How to Survive South East Asia

Now many of you may have read Lonely Planet or have spoken to people who have already backpacked Thailand. Some of you are thinking about going yourselves, and you must. These countries whilst open to tourism and very much tourist friendly, still retain their unique culture and natural beauties. They are by no means untouched by tourism but have a good medium between natural life, and easy travelling for tourists. I loved my trip through South East Asia and would recommend it to anyone but it is becoming increasingly popular due to its great attractions, nightlife and cheap travelling options.

As the tourist population increases, locals are becoming more and more sly in the way of increasing profitability, even if it is immoral and at the stake of us. It is good to know the tricks, cons and things that can go wrong, so you can travel at ease. Below are some hints to help.


Tuk Tuk Con’s

Tuk Tuk’s are the asian Taxi, they don’t always run on meters, and they are quite run down, but they give a true cultural experience and can be very cheap and useful ways of getting around. They are also the worst people for taking your money.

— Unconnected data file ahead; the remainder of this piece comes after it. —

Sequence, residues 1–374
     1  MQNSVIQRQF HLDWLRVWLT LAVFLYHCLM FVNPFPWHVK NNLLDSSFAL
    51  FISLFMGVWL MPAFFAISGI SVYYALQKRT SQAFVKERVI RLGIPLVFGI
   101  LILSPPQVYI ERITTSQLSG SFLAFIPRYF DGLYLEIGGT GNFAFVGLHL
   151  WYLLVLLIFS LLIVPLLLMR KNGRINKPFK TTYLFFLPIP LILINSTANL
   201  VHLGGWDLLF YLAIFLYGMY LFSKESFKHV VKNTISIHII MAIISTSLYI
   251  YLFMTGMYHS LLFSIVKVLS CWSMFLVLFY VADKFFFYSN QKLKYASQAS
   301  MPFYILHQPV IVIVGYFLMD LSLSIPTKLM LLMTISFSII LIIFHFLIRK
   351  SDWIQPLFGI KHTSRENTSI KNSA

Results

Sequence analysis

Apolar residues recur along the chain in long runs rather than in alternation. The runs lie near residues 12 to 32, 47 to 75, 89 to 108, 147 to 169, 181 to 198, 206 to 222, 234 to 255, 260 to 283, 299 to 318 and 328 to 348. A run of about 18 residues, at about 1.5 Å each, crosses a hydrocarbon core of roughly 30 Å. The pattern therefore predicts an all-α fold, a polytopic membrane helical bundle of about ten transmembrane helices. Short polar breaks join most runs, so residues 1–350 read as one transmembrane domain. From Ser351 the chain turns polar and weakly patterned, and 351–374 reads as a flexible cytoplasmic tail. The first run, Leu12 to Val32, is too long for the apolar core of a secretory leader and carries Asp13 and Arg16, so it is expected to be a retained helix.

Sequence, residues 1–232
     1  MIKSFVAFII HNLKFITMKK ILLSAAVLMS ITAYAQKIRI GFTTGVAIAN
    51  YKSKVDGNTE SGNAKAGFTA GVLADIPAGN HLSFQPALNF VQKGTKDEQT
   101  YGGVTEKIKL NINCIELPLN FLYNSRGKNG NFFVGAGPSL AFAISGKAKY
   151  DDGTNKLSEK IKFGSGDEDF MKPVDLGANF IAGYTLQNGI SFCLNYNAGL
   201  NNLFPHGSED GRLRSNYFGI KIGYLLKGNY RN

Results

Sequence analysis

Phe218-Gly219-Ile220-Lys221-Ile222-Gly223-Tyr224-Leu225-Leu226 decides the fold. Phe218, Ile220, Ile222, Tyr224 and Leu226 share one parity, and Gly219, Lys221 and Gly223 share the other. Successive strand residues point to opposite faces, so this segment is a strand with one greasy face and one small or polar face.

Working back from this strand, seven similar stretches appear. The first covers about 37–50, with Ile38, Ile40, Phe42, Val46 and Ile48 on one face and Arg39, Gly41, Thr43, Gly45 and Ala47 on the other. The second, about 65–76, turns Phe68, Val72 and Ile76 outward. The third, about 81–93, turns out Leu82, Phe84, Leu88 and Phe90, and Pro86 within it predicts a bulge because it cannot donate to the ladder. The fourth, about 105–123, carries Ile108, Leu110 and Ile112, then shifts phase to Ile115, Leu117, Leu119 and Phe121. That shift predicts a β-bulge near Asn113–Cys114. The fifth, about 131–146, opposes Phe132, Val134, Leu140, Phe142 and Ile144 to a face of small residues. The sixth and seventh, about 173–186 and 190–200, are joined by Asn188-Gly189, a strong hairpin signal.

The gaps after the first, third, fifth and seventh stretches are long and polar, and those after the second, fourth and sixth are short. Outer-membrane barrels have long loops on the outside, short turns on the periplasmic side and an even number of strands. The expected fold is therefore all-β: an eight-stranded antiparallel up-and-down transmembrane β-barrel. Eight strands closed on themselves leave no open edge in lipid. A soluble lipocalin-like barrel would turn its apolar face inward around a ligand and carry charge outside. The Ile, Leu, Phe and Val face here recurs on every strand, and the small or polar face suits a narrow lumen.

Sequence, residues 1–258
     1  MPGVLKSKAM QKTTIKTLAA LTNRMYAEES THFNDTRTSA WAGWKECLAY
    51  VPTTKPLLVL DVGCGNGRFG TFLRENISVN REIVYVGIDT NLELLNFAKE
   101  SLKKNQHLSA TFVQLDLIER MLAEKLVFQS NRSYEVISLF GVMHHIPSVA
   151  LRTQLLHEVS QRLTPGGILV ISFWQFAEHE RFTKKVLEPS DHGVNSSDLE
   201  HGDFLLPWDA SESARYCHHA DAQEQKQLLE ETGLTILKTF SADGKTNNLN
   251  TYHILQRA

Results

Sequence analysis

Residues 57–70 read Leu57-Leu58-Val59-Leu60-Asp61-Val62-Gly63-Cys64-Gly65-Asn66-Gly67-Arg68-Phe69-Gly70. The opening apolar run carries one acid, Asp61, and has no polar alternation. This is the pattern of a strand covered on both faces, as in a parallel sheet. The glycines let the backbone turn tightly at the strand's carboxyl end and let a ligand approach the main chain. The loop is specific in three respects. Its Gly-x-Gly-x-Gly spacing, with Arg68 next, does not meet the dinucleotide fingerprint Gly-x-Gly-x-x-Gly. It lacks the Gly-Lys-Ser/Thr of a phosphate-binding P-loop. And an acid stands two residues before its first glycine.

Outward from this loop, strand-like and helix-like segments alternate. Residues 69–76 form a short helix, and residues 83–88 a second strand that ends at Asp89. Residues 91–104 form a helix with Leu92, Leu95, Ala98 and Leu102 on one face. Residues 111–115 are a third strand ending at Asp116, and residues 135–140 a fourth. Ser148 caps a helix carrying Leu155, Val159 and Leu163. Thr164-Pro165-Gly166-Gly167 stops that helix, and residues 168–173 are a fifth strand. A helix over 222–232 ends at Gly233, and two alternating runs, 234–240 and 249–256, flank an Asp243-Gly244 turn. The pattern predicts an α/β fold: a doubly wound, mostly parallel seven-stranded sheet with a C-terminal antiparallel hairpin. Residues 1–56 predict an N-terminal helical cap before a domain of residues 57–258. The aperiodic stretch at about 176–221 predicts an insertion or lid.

1. They can overcharge.

In Thailand, Tuktuk’s usually cost a maximum of 2OBAHT with short journeys as little as 5BAHT. Many will try and charge you 40-50minimum and so it is in your benefit to agree a price and haggle it to below 15BAHT (unless your travelling a long distance in which case it could be a little more, but as a rule this should be enough). This price once agreed, you can always give them more at the end of the journey out of kindness, but it is good to play hard to get at the beginning so that they know not to take you for a ride. They have lots of competition so there should be no difficulty in finding a Tuktuk that will take you for the price you want. At worst, walk away.. they will always call you back. Also, in Thailand some places give Tuktuk’s money for their petrol, so it technically doesn’t cost them petrol money to drive you, just their time.